Alcoholism according to the American Medical Association can be characterized as an illness that causes a significant impairment due to constant and excessive alcohol consumption. Impairments that occur can affect psychological, social, and physiological dysfunction. Taking a closer looking at alcoholism from a Psychological standpoint, the actual amount someone drinks isn’t necessarily the problem; it’s about what goes on when they drink. If you’re having problems when drinking, you can be considered to have a drinking problem.
Drinking is something that’s often dramatized to look enticing to the general public. The reality of drinking is that it’s usually abused due to the fact that it gives a teasing promise. During consumption people claim they start to feel carefree, and relaxed. Problems they had before drinking start to fade away, and it enhances their moods in a positive way. Persistently consuming alcohol leads to a higher level of tolerance, which means more alcohol is needed to hit that craved “high” feeling.
Genetic, psychological, social and environmental factors are all taken into account when looking into the causes of Alcoholism. Becoming an addict to alcohol doesn’t occur overnight, it happens over time and plays a role in changing your normal chemical balances and nerve tacks that help your brain connect the experiences of happiness, judgment, and your body’s response to behavior control. These chemical imbalances can cause the cravings for the alcohol to help make the pleasurable feelings come back, or is used to remove the negative thoughts or feelings.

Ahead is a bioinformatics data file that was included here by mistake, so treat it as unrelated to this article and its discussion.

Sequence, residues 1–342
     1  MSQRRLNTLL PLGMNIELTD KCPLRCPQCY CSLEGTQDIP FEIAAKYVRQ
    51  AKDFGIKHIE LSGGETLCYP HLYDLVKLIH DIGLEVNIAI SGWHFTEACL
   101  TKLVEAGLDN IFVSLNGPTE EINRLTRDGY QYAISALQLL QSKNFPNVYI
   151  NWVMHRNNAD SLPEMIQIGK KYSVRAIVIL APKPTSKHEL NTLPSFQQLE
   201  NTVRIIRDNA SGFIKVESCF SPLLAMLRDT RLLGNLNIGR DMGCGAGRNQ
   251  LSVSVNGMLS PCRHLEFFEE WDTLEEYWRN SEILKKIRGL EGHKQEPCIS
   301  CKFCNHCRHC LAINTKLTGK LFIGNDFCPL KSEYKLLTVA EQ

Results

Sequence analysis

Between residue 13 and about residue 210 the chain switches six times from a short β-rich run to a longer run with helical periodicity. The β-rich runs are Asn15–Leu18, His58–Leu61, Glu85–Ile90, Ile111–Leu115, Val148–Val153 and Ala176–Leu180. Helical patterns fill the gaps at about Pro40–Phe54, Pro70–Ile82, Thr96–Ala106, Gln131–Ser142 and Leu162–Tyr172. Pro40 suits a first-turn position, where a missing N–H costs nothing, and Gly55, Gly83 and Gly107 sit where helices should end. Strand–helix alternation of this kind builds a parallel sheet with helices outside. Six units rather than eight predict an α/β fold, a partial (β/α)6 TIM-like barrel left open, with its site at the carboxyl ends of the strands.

There are a wide variety of treatments that can be of assistance when trying to break free depending on how severe the addiction is, and the willingness to get better. Some of these treatments include; detoxification and withdrawal, establishing a treatment plan, and spiritual practice. Residential treatment programs are often recommended to those who have a heavy alcohol problem. These treatment facilities provide group and individual support, as well as family interactions, therapies, counselors, educational lectures, and doctors as well as staff that are professionals when it comes to treating alcoholism.